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How to Work With Someone Who's Disengaged

Approaching Disengaged Employees

  • Use extrinsic motivating factors such as incentives and rewards to get productivity from a disengaged employee.
  • Understand what drives them, connect with them, gaining their trust and respect without being emotional, and focus on what they value.
  • Respect an employee's personal space and their need to distance their problems from their work.

Ultimately, it is what an employee delivers that matters most, and a manager has to focus on figuring out how to get the work done.

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IDEA EXTRACTED FROM:

How to Work With Someone Who's Disengaged

How to Work With Someone Who's Disengaged

https://hbr.org/2020/03/how-to-work-with-someone-whos-disengaged

hbr.org

3

Key Ideas

Disengaged Employees

Engagement at work is a sign of employee motivation and resulting productivity. Unfortunately, only about 13% of people globally are engaged at work, and disengaged employees cost the economy $500 billion per year. Work engagement has a direct correlation with performance.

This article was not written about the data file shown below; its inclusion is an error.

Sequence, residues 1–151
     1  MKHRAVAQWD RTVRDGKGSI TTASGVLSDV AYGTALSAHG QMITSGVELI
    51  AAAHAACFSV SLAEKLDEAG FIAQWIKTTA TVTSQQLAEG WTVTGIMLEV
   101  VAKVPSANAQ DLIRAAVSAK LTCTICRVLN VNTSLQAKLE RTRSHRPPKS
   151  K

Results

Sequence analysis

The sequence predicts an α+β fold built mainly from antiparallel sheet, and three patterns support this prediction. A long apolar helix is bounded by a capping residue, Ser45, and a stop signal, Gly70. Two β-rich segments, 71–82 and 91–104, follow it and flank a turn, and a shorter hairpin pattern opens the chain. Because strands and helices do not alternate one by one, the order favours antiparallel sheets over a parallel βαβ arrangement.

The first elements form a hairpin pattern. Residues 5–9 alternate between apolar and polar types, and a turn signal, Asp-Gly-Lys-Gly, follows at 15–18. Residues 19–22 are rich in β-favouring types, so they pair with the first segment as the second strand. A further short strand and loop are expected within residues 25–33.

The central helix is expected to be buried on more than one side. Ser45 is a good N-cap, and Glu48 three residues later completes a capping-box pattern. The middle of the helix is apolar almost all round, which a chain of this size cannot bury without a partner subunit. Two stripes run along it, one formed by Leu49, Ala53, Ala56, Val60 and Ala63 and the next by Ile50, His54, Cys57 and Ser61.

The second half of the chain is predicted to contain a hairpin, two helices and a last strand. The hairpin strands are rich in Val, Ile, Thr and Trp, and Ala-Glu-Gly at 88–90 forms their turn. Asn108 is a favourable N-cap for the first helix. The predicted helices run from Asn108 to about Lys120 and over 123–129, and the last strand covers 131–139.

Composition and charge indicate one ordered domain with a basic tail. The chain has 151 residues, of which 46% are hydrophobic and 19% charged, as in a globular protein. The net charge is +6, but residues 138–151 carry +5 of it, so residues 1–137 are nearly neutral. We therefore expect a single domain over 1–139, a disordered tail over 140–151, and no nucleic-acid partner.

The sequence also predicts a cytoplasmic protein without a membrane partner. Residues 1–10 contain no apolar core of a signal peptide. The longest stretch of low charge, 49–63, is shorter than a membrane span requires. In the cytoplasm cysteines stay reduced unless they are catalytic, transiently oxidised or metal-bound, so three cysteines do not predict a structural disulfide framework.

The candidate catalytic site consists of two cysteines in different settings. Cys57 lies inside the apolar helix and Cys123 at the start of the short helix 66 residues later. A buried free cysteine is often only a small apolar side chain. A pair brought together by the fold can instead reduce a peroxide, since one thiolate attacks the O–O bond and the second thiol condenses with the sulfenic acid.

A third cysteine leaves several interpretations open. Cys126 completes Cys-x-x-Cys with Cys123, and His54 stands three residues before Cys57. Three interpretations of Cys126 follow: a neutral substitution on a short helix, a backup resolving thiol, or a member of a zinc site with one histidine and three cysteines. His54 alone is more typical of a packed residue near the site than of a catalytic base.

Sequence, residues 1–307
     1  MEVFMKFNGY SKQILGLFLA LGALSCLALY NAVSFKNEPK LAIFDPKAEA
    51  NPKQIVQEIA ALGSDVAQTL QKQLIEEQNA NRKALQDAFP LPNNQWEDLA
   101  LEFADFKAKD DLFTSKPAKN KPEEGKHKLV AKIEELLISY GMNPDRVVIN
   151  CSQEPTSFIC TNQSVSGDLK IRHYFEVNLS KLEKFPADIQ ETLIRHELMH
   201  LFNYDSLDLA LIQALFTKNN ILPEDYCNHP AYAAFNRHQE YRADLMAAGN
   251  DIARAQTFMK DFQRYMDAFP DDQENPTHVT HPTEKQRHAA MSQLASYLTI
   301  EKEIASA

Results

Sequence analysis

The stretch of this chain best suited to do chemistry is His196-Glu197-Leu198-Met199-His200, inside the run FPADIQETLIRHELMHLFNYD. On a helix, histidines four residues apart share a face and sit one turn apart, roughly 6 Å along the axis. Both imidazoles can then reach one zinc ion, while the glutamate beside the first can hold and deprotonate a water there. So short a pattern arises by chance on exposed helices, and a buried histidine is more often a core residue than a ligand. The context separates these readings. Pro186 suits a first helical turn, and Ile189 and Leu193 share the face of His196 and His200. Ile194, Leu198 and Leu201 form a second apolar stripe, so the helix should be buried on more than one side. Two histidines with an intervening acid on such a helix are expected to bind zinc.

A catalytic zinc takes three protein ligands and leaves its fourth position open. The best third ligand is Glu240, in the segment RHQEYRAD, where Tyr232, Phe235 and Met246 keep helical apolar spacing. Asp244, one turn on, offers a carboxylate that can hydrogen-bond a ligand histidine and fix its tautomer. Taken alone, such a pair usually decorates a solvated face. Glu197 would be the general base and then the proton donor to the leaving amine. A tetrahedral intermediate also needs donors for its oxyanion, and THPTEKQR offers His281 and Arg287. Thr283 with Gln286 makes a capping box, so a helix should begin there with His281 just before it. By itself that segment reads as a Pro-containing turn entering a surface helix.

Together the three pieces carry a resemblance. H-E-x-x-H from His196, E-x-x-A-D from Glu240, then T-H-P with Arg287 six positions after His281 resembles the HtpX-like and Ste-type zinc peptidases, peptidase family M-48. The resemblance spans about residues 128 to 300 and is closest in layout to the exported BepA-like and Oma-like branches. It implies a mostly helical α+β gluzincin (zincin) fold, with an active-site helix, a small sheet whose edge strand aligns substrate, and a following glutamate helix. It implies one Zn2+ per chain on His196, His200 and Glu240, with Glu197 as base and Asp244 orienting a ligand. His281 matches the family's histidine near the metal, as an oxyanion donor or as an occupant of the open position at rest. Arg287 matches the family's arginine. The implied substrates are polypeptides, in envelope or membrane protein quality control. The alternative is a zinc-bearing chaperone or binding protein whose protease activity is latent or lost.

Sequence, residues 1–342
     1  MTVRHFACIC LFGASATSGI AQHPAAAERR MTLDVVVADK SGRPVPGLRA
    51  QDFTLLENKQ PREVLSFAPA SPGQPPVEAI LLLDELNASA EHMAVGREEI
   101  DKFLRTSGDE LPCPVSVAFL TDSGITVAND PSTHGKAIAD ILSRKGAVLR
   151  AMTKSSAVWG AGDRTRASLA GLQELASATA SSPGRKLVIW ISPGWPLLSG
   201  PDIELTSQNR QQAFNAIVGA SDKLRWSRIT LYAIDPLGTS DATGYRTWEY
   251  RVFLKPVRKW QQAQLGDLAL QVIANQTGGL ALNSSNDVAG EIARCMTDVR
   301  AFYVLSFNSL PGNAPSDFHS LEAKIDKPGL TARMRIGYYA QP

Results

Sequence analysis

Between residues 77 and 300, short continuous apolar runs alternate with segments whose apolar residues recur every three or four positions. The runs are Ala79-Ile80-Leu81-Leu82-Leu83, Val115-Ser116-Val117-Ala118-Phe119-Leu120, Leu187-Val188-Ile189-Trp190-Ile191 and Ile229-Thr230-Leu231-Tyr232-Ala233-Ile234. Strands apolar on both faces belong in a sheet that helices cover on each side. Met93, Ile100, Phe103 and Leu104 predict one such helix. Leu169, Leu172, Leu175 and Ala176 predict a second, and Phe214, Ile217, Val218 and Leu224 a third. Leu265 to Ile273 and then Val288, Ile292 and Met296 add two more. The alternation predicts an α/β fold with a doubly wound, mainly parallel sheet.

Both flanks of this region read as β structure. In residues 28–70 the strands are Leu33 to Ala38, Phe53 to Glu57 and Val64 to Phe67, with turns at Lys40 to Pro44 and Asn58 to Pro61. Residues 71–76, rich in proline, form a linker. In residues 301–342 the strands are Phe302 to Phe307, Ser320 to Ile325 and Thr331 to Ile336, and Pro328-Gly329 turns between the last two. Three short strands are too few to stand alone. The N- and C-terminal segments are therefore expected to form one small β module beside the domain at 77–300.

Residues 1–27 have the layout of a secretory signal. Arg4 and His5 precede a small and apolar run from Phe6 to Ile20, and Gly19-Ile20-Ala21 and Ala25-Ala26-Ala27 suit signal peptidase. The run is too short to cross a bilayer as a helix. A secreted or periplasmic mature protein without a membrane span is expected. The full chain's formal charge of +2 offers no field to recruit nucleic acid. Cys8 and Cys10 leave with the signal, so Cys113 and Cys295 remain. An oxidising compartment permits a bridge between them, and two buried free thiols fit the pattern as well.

There is a dire need to increase our ability to collaborate with disengaged and less motivated employees.

What Not To Do

  • Do not make assumptions about a disengaged employee's performance. While statistically, such employees do underperform, there can be other reasons too.
  • Do not force an employee to be someone they are not. Everyone cannot be happy and optimistic all the time.
  • Do not get emotional, and stick to a transactional, formal, work-focused style. Do not expect to win their hearts or influence them by appealing to their emotions.
  • Do not assign employees tasks beyond their area of expertise.

Approaching Disengaged Employees

  • Use extrinsic motivating factors such as incentives and rewards to get productivity from a disengaged employee.
  • Understand what drives them, connect with them, gaining their trust and respect without being emotional, and focus on what they value.
  • Respect an employee's personal space and their need to distance their problems from their work.

Ultimately, it is what an employee delivers that matters most, and a manager has to focus on figuring out how to get the work done.

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